The Conventional Convention

Robin Cunningham Health Guide

    During my business career, I’ve managed to avoid a great many conventions.  This was much more difficult when I was a featured speaker, but then I employed the ever popular “I must leave right after” tactic.  I would fly in just in time to give my speech and then fly out immediately thereafter.


    The above aside, I have nevertheless attended numerous conventions.  Most of these have been what I call a “conventional convention,” tedious and boring.  A few of these have approached the bizarre.


    For example, one convention in the mid-summer heat (90F plus) of New Orleans I was booked into a Bourbon Street hotel only to find it had no air conditioning.  About 4:00 a.m., after tossing and turning, and drenched in sweat, it occurred to me that it might be helpful if I rearranged the furniture.  I opened the refrigerator door and pushed the head of my bed up against the doorframe of the refrigerator (which made it impossible for the door to close).  I removed the two wire refrigerator shelves, set the temperature to low and shoved my pillow into the refrigerator.  I slept the remainder of the night through with my head in the coolest place in the room.

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    It was also at this same convention in the middle of the superdome that I witnessed the operation of an automated chicken processing machine.  This huge contraption had a long and winding conveyor that transported each chicken, hung by the neck, from one process to the next.  I could only speculate why (perhaps due to the intervention of public health authorities) that the conveyor was loaded with about 300 rubber chickens.  I asked if I could have one as a memento.  My request was denied.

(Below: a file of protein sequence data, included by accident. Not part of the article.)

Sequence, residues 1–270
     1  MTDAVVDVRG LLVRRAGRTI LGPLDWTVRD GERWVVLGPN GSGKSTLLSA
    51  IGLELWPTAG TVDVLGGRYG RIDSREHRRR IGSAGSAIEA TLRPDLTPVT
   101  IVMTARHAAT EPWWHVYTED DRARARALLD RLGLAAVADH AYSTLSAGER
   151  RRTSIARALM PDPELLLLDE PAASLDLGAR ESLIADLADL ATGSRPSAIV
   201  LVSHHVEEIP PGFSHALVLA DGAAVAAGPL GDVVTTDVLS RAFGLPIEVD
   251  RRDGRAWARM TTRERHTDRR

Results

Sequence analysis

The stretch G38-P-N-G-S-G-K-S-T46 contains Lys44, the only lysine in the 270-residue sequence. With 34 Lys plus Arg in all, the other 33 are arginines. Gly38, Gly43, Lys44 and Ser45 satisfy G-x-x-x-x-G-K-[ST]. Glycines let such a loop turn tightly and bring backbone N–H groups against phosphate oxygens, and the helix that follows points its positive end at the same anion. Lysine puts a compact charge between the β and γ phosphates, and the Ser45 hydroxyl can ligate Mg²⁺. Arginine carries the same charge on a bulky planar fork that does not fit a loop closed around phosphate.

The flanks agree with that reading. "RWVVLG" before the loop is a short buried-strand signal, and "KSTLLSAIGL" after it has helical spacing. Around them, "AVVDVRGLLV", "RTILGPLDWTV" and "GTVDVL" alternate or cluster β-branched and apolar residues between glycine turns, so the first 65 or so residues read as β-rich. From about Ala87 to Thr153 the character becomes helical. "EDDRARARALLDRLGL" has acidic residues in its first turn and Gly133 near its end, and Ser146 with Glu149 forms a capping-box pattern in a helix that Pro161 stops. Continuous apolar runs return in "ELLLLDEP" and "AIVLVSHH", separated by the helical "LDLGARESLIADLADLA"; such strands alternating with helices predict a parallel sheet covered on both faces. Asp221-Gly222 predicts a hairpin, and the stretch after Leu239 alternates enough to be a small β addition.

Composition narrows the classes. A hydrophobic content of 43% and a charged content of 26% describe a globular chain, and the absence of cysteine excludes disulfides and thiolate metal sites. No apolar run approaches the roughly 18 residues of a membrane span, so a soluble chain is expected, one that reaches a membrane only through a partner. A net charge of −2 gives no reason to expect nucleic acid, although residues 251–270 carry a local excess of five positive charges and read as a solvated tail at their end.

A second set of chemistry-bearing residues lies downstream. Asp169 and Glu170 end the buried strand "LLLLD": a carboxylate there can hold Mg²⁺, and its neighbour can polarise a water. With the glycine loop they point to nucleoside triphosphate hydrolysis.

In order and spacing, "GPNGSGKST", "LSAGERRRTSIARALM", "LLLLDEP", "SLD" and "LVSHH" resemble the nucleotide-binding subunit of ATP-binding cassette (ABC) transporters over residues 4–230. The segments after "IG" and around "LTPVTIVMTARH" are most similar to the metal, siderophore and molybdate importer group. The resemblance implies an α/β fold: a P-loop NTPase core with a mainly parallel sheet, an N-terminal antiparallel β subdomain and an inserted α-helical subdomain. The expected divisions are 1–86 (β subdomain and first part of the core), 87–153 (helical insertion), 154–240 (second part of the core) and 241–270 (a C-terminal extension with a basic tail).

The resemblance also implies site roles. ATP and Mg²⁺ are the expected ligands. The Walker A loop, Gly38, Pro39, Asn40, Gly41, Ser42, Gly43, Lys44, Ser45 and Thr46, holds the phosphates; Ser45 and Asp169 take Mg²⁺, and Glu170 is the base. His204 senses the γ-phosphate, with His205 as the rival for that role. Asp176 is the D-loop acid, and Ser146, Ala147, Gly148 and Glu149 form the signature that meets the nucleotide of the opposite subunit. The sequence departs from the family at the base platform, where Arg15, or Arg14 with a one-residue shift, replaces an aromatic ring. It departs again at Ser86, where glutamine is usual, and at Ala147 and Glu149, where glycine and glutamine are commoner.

Most business conventions are one of two types: 1) a convention involving an industry association attended by representatives of each member company, or 2) a “private” convention that is limited to the employees of the sponsoring company only.  The primary difference between the two is that in the case of the former, each company is trying to outdo the others.  In the case of the latter the employees are crawling over their peers to curry favor with senior management. [This is the primary reason senior executives like to come late and fly out immediately after their speech.]


    At this point, you must be asking yourself – “Why is he (me) babbling on about conventions?  Does he realize this is the website?  Is he decompensating at the keyboard?”


    I’m pleased to say that / have asked me to cover the NAMI [National Alliance on Mental Illness] 2007 Annual Convention during the last week in June.


    Without coercion, I’ve attended four out of the last five NAMI Annual Conventions.  These conventions were different in a great many ways from the “Conventional Convention.”  It is one of the very few that I call “An Unconventional Convention.”  During and after the NAMI 2007 Convention I will provide the details that have led me to hold NAMI and its conventions in such high regard.  On a personal note, I will recount my feeling about this years’ event and the most important things I have brought home with me.


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    The perspectives on mental illness I provide are not those of a psychiatrist, psychologist or licensed clinical social worker, but rather a consumer and family member.  I have walked the walk on both sides of the street.  As such, I can speak with experiential authority.  It is my objective to share with you, as best I can, what my experience with a serious brain disorder has been like on a day to day basis, i.e., to compare notes with you.   Equally important, I will also make observations about being a family member and advocate based on my own experience.  Any observations or comments you choose to make in return will be of great value.


Published On: June 06, 2007